How did Spanish patterns of settlement in The New World differ from that of the English, Dutch, and the French?

1 Answer | Add Yours

saintfester's profile pic

saintfester | Middle School Teacher | (Level 3) Associate Educator

Posted on

The Spanish, English, French and Dutch all had a different methods of colonization in the New World.

The Spanish came to conquor and exploit the weath that already existed. They detroyed the large empires that existed, took their wealth back to Spain and enslaved the remained population to mine and grow more lucrative trade products for them. They also attempted to expand the Spanish Empre by forcably converting the natives peoples to Christianity.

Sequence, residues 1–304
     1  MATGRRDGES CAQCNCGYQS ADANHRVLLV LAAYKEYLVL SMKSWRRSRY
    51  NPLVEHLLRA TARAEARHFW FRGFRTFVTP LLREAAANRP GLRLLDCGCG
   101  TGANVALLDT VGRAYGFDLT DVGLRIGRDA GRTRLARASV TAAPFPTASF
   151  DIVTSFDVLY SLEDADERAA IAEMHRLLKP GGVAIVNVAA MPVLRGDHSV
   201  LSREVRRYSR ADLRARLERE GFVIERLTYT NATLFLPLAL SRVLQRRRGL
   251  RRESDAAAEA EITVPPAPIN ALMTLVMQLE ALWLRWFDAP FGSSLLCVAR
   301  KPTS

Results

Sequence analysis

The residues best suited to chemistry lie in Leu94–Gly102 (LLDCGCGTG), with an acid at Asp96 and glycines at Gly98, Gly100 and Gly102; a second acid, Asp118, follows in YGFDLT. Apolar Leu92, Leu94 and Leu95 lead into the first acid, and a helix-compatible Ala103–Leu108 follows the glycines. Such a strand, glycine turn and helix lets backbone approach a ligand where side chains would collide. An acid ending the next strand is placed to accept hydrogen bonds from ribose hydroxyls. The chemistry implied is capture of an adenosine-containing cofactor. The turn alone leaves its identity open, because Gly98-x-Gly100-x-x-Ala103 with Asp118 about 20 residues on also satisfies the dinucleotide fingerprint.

The French realized that they could get more from their colonization efforts by creating partnerships with the natives. French trappers would trade goods to native tribes for valuable furs. They did little settling and even less conversion because they didn't want to upset their trade relationships with the tribes. 

The English sought to set up permemant settlements along the Atlantic Coast. Some were set up by religious seperatists, businesses partnerships, or people who were owned lots of land by the English King. The English found that crops like tobacco and indigo grew very well and made lots of money off of them. 

The Dutch weren't in the New World very long before their settlements were taken over by the English, but they did set up trading posts to get in on the fur trade.


We’ve answered 334,029 questions. We can answer yours, too.

Ask a question